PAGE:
Restaurant stock prices get hammered in another market rout

Stocks plunged amid an oil price war and coronavirus fears, continuing a two-week run of high volatility.
stock market
Photograph: Shutterstock

Stock prices were hammered again Monday, with major stock indexes plunging on the open amid an oil price war and continued fears of the impact of the coronavirus on the U.S. economy.

The S&P 500 index lost more than 7% on the open along with other major indexes, triggering a “circuit breaker” that led to a temporary halt in trading Monday. It ultimately closed down 7.6%. 

Restaurant stocks were hit right along the way as investors sold off numerous industry stocks, particularly dine-in chains, amid fears that consumers would stay home and cut back on the number of meals they eat outside the home.

Indeed, since the close of trading on Feb. 20, including the losses from early morning trading Monday, stocks have seen a median decline of 30%.

Every publicly traded restaurant company has lost value over the past two weeks, from Nathan’s Famous (down 3.5%) to Pollo Tropical owner Fiesta Restaurant Group (down 83%). All but nine stocks are down more than 20%.

That said, investors have looked more favorably upon fast-food and pizza delivery chains than they have fast-casual concepts and casual-dining chains. The theory: Customers are far more likely to get their food through a drive-thru window in a coronavirus outbreak, or have it delivered than they are to dine in.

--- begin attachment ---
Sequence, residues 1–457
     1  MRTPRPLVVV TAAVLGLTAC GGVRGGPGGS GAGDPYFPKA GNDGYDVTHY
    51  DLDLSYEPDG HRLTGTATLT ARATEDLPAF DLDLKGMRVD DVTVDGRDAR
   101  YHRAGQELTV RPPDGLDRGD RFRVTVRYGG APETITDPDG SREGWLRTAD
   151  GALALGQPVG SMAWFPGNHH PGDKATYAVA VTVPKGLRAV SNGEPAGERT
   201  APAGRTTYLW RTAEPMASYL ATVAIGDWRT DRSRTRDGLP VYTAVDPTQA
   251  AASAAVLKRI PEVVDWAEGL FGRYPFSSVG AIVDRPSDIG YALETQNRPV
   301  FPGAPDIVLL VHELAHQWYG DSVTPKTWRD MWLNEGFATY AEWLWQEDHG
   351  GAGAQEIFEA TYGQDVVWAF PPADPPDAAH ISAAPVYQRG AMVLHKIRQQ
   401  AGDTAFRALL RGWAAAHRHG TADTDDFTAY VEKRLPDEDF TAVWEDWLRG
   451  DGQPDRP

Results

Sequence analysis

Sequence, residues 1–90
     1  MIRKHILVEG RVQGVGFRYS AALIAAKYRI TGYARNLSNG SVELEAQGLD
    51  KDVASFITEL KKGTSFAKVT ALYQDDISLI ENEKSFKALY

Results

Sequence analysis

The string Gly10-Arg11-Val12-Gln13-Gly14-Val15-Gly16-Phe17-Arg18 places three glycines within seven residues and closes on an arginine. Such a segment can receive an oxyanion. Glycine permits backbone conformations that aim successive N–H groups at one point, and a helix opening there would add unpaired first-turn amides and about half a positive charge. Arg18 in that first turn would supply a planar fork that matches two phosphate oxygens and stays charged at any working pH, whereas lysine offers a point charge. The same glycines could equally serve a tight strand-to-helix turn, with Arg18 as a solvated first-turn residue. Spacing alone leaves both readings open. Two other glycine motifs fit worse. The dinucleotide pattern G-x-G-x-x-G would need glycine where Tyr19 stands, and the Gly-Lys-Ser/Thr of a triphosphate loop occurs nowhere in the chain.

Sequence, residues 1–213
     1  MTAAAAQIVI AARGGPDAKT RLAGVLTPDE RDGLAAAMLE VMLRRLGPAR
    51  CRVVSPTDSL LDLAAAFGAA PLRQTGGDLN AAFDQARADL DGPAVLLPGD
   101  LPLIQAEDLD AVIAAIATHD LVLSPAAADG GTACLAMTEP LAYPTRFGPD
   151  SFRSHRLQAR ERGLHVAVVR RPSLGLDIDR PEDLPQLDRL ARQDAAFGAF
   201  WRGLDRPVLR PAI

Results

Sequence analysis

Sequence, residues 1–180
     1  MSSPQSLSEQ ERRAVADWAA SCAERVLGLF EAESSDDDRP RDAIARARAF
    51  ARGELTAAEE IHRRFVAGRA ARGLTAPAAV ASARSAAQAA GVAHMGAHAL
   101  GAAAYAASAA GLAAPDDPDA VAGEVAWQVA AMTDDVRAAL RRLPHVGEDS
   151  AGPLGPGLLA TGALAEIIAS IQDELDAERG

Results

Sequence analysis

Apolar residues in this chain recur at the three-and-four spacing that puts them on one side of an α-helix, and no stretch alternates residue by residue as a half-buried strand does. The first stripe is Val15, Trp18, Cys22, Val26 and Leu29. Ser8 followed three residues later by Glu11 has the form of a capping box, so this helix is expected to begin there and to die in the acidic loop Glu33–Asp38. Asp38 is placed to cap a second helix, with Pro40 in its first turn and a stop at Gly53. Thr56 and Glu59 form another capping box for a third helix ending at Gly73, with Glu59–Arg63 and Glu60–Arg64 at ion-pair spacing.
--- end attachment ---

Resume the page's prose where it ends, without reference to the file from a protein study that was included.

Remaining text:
For instance, McDonald’s has lost 13% of its value over the past two weeks, while Domino’s Pizza has declined by 10% and Dunkin’ by 15%.

On the other hand, Red Robin Gourmet Burgers has declined by more than 50% over that period, while Dave & Buster’s has lost 50% of its stock price value and Shake Shack is down 38%. Chipotle Mexican Grill has lost 30% of its value since it hit an all-time high of $940 a share last month.

Stock price declines have prompted a few restaurant company CEOs to start buying their own stock.

Investors have been spooked as the coronavirus spread outside of China and hit the U.S., prompting broad fears of consumer reaction and a potential economic recession. Well over 100,000 cases of COVID-19 have been confirmed worldwide, including more than 300 in the U.S.

Nearly 200 conferences and events have been canceled in recent weeks, including the popular South by Southwest technology and music conference in Austin, Texas.

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